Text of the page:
Psych: “Office Space”
C+

Psych: “Office Space”

C+

Psych

“Office Space”

Season 7, Episode 11

And just like that, Shawn and Juliet are back together, brushing all of the lingering problems with their relationship under the rug. Sure, she says it's a one-time thing, but by letting him back in, reconciliation is a forgone conclusion. Thus Psych does away with any romantic tension for an episode, instead surprising everyone with the revelation that Gus is still employed as a pharmaceutical rep. This comes out of absolutely nowhere, used as a joke as Shawn and other characters express shock that Gus still holds that job. While that premise for this case may be inorganic, it does create a scenario that is exciting to watch.

When Gus first wakes Shawn up in the middle of the night at Juliet’s, it’s clear that he’s in trouble. But the slow whirlpool that draws a handful of other characters into a web of lies forms the best part of the episode. It’s funny to see Gus rope Shawn into his predicament so quickly, returning to the pharmaceutical office where Gus discovered his prickly boss’ body—with whom he had a vocal altercation earlier in the day. After that discovery, Gus deliberately removes an angry note he wrote from his boss’ cold grip, then accidentally tampers with the crime scene. Dule Hill has always been a gifted physical comedian, and these exaggerated bumbling moments always elicit some laughter.

Once Gus gets Shawn involved, and they continue to contaminate the scene with evidence of their presence, they hook Henry, Woody, and Juliet into their lies in order to buy more time to actually solve the case. When Shawn and Gus show up on Henry’s doorstep, once again in the middle of the same night, Henry tries to get them to come clean, but Shawn and Gus freak out when they see the police investigators on the scene the following morning, and thus, they ignore Henry’s advice and he’s out of the picture. Woody starts to put together the forensic evidence—and using the smell test, he determines cocoa butter (Gus) and Axe body spray (Shawn) were unusually present when they shouldn’t have been. To cover that up, Gus and Shawn kidnap the hapless coroner, taping him to the couch in their office.

With Juliet, things get a bit trickier. She’s already upset at Shawn for lying, and then he lies again about his and Gus’ involvement in the murder case. But hey, no worries, we’re not dealing with that relationship during this hour, so just forget about it and focus on Gus and Shawn as they leave more evidence behind. This episode is an exercise in how deep of a hole Shawn and Gus can dig for themselves before deftly uncovering the real culprit and keep from getting arrested when a mountain of evidence points to them.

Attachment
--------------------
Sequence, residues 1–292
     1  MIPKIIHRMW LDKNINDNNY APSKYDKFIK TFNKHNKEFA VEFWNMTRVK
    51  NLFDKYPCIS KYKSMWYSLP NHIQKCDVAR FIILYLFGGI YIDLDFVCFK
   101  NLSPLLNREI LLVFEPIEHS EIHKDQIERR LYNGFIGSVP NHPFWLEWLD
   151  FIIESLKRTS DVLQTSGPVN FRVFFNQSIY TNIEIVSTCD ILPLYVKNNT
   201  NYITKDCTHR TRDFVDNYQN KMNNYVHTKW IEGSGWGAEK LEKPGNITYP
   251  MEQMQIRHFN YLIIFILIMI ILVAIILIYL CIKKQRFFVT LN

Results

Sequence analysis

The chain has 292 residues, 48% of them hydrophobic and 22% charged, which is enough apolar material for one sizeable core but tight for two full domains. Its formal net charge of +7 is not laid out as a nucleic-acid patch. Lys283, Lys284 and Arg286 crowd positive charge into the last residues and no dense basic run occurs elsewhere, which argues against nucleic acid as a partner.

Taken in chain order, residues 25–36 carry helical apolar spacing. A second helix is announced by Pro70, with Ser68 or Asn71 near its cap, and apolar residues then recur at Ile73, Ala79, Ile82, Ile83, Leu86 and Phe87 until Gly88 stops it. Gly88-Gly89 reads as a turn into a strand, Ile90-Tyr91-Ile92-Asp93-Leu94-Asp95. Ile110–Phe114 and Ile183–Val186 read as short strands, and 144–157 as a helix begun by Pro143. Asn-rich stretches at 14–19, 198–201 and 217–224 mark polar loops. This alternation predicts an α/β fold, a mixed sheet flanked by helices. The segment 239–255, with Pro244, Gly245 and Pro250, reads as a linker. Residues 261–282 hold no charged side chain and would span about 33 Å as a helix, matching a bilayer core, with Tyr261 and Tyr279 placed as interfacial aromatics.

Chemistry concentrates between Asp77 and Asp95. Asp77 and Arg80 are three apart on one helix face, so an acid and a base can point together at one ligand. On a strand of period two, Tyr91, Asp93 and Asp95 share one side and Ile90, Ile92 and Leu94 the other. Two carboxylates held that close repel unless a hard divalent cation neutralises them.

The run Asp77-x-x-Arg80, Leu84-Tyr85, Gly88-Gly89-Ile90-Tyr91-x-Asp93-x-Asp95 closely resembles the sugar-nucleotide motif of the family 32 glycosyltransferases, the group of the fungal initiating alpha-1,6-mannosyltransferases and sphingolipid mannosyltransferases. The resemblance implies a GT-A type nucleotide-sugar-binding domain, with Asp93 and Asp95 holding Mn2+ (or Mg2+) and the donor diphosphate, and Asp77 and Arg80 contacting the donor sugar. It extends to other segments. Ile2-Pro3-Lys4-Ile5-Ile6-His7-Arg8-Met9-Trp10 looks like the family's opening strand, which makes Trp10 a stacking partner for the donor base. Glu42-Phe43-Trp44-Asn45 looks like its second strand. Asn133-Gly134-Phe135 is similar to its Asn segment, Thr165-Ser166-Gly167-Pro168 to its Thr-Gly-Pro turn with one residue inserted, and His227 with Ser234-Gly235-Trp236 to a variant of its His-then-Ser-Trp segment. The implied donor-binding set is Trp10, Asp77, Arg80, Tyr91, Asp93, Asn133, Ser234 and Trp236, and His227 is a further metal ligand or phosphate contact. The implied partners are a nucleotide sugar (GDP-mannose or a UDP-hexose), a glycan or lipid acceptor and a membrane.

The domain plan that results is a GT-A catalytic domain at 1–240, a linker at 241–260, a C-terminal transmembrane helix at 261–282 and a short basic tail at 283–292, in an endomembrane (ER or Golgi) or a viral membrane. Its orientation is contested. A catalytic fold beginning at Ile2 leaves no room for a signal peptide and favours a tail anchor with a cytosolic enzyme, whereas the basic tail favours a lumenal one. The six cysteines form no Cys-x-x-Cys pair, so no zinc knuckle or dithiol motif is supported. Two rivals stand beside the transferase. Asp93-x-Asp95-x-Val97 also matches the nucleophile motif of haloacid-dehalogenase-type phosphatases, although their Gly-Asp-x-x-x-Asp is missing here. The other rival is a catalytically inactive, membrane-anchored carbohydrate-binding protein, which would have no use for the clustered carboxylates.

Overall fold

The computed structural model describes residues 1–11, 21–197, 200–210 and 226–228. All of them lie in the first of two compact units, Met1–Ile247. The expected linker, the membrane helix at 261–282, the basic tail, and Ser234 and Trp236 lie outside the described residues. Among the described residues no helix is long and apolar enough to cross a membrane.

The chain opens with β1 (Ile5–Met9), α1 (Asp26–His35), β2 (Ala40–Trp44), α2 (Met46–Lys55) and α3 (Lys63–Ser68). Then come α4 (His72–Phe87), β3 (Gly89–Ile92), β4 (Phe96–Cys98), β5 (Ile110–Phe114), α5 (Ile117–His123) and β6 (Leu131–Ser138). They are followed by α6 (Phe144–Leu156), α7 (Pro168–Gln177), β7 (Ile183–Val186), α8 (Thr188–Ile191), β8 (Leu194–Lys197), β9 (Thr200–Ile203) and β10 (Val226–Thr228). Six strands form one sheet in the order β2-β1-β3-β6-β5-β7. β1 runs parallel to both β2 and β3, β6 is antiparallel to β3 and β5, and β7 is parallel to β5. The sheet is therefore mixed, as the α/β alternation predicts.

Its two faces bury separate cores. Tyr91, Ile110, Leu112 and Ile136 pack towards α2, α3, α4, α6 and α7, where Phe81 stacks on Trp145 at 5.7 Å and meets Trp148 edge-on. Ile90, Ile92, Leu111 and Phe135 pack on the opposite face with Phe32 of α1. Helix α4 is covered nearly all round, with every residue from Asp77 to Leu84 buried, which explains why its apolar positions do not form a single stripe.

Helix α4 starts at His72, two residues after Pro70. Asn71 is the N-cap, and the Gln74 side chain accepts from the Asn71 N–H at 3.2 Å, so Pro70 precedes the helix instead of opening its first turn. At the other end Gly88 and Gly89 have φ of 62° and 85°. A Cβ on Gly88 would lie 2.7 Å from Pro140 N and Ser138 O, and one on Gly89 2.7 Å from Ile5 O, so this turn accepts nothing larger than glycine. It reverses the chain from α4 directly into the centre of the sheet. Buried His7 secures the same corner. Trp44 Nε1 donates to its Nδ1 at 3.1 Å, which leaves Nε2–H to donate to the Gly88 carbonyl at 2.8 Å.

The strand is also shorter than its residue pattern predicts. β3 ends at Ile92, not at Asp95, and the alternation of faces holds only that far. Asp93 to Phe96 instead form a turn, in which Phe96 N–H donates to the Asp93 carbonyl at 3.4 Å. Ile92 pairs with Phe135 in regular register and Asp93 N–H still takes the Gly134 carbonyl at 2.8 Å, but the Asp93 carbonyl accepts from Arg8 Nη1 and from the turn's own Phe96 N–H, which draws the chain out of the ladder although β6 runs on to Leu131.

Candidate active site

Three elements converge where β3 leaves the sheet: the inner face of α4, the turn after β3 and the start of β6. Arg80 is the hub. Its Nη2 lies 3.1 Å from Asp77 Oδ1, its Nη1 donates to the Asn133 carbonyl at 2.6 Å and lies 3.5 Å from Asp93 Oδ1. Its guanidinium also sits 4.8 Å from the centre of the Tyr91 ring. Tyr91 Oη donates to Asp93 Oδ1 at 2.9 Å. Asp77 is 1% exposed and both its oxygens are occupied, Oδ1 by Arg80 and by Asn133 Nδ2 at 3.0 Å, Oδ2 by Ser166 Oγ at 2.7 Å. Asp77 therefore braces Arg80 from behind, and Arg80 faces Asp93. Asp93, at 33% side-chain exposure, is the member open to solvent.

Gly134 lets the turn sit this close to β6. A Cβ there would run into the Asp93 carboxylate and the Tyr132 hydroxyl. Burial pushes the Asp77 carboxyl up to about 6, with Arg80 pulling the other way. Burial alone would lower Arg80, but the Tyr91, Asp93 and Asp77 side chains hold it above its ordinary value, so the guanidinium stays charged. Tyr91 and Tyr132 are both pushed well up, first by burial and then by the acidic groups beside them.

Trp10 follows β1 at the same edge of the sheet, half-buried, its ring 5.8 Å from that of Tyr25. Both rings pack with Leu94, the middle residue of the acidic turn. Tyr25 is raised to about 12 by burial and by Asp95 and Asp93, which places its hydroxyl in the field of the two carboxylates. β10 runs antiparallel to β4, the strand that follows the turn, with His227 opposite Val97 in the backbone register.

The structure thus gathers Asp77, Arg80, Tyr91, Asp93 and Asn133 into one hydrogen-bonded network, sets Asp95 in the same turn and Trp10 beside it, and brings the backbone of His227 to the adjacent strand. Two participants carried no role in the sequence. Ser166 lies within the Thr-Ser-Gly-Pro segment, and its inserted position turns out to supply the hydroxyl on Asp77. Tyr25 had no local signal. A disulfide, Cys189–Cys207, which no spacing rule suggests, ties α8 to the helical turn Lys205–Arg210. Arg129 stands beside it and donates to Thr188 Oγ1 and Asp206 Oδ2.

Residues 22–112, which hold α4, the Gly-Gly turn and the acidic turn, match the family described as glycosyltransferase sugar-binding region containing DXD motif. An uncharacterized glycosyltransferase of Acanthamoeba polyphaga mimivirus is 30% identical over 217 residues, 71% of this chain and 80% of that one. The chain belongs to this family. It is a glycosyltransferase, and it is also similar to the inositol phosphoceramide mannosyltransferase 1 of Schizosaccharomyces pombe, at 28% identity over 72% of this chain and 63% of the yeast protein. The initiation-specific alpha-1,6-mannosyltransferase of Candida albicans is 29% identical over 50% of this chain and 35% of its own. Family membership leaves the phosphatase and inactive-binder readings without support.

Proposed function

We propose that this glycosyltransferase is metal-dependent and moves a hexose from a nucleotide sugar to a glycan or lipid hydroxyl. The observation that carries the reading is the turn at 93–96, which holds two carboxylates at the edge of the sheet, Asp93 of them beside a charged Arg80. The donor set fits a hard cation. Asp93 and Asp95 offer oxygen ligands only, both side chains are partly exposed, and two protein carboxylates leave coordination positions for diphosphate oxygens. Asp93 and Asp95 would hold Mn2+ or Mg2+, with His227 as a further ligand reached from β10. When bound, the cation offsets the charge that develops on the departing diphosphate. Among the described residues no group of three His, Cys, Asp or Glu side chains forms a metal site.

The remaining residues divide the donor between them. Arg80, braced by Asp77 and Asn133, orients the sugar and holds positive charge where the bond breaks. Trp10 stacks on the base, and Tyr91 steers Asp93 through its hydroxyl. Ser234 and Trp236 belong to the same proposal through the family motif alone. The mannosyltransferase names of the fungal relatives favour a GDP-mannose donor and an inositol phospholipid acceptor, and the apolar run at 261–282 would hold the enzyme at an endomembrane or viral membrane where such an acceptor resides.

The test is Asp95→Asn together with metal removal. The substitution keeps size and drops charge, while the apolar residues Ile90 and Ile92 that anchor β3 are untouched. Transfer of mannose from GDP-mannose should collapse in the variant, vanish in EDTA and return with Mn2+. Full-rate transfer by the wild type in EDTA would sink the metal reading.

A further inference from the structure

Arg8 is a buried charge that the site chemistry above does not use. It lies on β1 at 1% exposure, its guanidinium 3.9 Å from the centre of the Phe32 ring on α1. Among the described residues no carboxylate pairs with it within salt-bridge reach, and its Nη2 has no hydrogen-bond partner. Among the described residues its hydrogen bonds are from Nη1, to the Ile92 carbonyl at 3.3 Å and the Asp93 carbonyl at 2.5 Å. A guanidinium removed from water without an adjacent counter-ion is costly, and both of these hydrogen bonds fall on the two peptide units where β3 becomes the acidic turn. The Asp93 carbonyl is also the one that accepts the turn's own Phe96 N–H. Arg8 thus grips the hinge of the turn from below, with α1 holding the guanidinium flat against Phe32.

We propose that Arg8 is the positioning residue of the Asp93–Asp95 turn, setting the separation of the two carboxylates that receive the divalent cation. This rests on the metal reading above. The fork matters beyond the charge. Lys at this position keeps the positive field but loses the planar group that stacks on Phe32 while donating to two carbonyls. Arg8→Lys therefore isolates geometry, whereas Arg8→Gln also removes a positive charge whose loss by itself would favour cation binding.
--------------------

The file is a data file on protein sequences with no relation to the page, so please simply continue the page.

David Koechner plays the wily and persistent head of security at Gus’ company, and though he doesn’t get to play the kind of outlandish and aggressive character that bring out the best in him, he still gets a handful of pointed lines that make Gus and Shawn very nervous about what he knows. In his first scene, Koechner squares off against Lassiter, pointing out little bits of evidence Lassie missed, earning the ire of the most conservative detective in Santa Barbara.

Once Koechner gets close to learning the truth—that Gus and Shawn had no involvement, despite examining handwriting of all the employees and discovering trash that Shawn and Gus hid away from the company building—he keels over and dies, poisoned. But Shawn notices something in the garbage bag, and that connects to another executive who showed up to help the office grieve and transition back to work. Having exhausted the mistreated secretary and the unusually attached underling who sings “Time After Time” in tribute to the hated boss, Shawn realizes the evidence implicates the exec.

So a pharmaceutical sales executive cooking the books kills a jerk of a sales VP, Gus gets a promotion at a job nobody knew he still had, and Shawn and Juliet are on the fast track to their inevitable reconciliation despite ample evidence that he continues to lie to her about just about anything he feels like. Watching Gus and Shawn continue to further embroil themselves on the wrong side of the investigation while simultaneously working to find the real culprit has its moments. Gus certainly responds in funny ways to such desperation. But “Office Space” is one of the slighter episodes this season, without as many laughs or significant events in any of the character arcs.

Stray observations:

  • The weirdest part about the executive: he gives out scratch and sniff stickers as incentives to employees.
  • Next week Gus takes over as a radio host with a gravely voice, charming ladies like he always does (but they often turn out to be horrible).
  • Shawn and Gus frequently reference how the legal system would treat the two of them different because of race: “You’re talking like a real white guy about this, Shawn.”

More TV Club